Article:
Japan-based Takeda readies strategic investment in Israel

Largest pharmaceutical company in Asia is now looking to fund promising seed companies that fit in with its strategic vision through its Silicon Valley-based venture fund.

By
May 12, 2015 18:34
2 minute read.
Takeda Pharmaceutical

Takeda Pharmaceutical Company HQ, in Chuo-ku, Osaka, Japan. (photo credit: Wikimedia Commons)

Japan-based Takeda Pharmaceuticals, the largest pharmaceutical company in Asia, is increasing efforts for strategic investments in Israel through Takeda Venture Investments (TVI), its Silicon Valley-based venture fund.

“I think there’s a unique set of conditions here in Israel that make it a great place for us to invest in innovation,” said Tetsuyuki Maruyama, who heads Takeda's research and development team in a Monday interview with The Jerusalem Post.

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In 2013, Takeda launched a commercial subsidiary in Israel to market its pharmaceutical products, and the following year it helped establish FutuRx, a biotech accelerator, with the help of OrbiMed Israel Partners and Johnson & Johnson Innovation.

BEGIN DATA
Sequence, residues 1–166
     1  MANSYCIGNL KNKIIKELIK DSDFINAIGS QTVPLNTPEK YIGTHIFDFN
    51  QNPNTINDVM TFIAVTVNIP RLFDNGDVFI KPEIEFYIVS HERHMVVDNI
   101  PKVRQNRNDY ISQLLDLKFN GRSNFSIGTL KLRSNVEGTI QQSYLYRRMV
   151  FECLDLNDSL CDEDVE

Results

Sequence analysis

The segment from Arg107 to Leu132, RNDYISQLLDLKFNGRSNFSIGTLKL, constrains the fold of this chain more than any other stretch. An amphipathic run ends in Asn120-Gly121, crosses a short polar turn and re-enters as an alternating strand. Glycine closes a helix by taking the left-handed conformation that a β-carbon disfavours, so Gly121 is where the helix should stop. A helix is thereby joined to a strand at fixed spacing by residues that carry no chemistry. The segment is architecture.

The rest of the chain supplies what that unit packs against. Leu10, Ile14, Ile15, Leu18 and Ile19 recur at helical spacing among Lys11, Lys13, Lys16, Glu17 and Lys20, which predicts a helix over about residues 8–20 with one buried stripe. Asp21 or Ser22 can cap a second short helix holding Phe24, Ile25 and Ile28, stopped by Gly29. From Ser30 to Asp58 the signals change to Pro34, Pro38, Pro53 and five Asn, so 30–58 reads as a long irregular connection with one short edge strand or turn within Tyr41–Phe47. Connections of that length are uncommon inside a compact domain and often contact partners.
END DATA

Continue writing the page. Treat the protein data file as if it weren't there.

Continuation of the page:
Though four companies have gone through FutuRx, which focuses generally on biotech, Takeda is now looking to fund promising seed companies that fit in with its strategic vision through TVI. It is currently doing diligence on several promising prospects, according to Michal Silverberg, TVI's Senior Director of External Innovation, who is based in Israel.

According to Maruyama, the expansion in Israel is part of a recent change in the company's strategy, which pushed it toward more global engagement.

“Our external innovation strategy, or collaborative innovation strategy, is evolving rapidly in Takeda, and I think we’ve realized that in order to really succeed in a changing pharma market we have to look outside our walls to find innovations. And even outside the traditional places we work,” he said.

A decade ago, the company was comprised of almost all Japanese employees; now over two-thirds are international, and the company has commercial operations in 70 countries.

“In 2015 we are a very global company," Maruyama said. "As part of that we realized the opportunity to collaborate and tap into innovation in places we hadn’t before, so that was part of the drive to establish an R&D presence in Israel."

In particular, the company sees the future in greater personalization of medicine, but the vast technological upheavals going are pushing the company to keep looking in a variety of fields.

To that end, Maruyama has come to Israel to participate in the IATI Biomed conference, which in recent years has become one of the premier life sciences events in the world. “For me, it’s the most important one,” he said, adding that he generally skips other such conferences.

Indeed, according to the IVC Research Center, last year set an all-time record in investment in Israel's life sciences industry, with $801 million invested in 167 life sciences companies. That accounts for almost a quarter of all high-tech investments in Israel last year, the report said.


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